Our premature celebration selfie after the overhanging ladder.

Hannah had spent her last bit of enthusiasm on that overhang and after some walking, we decided it must be over now. We'd been told the final section was difficult and that last section definitely fitted that description. So we celebrated with a selfie and carried on walking, looking out for the turn back to the village. But oh no, the path led into a shady canyon and a dead-end, towering before me was a slabby face with an almost-chimney on the left that housed a cable bolted in an unusually high position. It carries on! I shouted to Hannah who was behind me. What?! she grunted. That last bit wasn't the hard bit. I clarified. Oh FFS!

Hannah took one look at what was actually the final section and immediately declared herself out. She was taking the brushy scramble escape to the left and would meet me at the top. But the guiding company's website said they take complete amateurs with no climbing experience up these routes. And this is only a via ferrata and I'm a strong climber. Surely I wasn't going to not do this final section?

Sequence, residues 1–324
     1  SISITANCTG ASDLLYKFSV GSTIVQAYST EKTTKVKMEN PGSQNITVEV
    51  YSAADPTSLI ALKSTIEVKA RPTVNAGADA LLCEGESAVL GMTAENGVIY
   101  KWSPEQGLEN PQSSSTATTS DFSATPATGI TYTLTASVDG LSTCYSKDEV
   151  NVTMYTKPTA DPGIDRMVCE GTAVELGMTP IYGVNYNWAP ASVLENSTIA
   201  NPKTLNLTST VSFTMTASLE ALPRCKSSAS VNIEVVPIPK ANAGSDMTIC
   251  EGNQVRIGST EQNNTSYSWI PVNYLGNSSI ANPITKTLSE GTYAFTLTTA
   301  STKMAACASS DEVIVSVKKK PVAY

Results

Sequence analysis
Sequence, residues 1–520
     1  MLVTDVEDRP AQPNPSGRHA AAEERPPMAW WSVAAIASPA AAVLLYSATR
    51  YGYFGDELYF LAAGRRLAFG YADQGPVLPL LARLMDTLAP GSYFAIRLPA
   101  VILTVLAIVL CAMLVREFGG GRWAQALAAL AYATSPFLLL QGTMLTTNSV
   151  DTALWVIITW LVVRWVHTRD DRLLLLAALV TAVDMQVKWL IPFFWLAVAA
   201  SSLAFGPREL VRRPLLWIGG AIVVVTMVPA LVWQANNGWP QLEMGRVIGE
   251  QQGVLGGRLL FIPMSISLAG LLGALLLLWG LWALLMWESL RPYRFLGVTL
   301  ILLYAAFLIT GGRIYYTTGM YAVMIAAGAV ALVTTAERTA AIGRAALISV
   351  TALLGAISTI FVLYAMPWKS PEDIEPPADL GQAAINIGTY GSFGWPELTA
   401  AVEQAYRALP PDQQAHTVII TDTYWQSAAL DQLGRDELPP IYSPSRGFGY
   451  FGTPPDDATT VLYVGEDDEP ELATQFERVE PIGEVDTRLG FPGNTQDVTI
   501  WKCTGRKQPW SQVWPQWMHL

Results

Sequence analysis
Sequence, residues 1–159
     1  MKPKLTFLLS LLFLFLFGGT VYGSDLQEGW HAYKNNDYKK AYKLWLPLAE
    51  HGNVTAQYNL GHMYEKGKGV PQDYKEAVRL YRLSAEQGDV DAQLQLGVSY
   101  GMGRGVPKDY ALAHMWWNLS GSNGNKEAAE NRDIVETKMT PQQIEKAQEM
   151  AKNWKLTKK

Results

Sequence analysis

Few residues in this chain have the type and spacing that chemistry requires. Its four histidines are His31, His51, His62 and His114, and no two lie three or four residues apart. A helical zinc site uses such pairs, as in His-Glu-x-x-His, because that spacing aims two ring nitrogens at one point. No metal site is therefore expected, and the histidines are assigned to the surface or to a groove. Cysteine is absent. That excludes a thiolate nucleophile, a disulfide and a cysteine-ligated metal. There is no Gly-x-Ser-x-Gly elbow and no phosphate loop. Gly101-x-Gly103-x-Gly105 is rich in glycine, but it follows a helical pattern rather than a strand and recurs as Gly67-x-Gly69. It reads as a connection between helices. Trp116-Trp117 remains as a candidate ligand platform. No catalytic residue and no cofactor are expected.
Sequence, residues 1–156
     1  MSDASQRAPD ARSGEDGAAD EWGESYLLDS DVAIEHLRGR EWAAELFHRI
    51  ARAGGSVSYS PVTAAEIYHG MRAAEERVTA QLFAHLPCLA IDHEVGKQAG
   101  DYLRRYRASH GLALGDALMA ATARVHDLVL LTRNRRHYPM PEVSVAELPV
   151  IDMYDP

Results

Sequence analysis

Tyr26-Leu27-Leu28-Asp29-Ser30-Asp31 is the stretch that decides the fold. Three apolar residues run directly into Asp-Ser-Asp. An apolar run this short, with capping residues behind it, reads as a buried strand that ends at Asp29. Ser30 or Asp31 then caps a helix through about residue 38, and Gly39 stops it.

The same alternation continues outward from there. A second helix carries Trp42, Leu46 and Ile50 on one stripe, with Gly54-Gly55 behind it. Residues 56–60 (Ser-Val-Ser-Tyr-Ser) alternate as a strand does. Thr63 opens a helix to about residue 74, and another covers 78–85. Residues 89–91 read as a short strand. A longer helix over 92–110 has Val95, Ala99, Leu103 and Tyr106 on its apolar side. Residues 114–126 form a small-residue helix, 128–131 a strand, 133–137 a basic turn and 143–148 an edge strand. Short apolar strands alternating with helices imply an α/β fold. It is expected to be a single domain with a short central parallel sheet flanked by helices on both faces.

View from the top of the really difficult polished slab corner. Sorry I didn't capture it from below.

I drank my emergency can of Red Bull for a little boost, psyched myself up and got on it. It was immediately hard, I couldn't get in a resting position to clip on to the cable so I was using pure arm strength to keep myself on the rock. I did the next move, feet literally slipping. I don't mean Oh my god my feet feel like they are going to slip slab climbing, I mean literally, the technical rubber soles of my Merrel approach shoes were skidding off the shiny rock. I pulled hard against the cable on my left which naturally walks your feet high into the corner, unnaturally putting the actual slab on your right-hand side! Why the hell is the cable here?! I yelled to the Gods, who were not listening.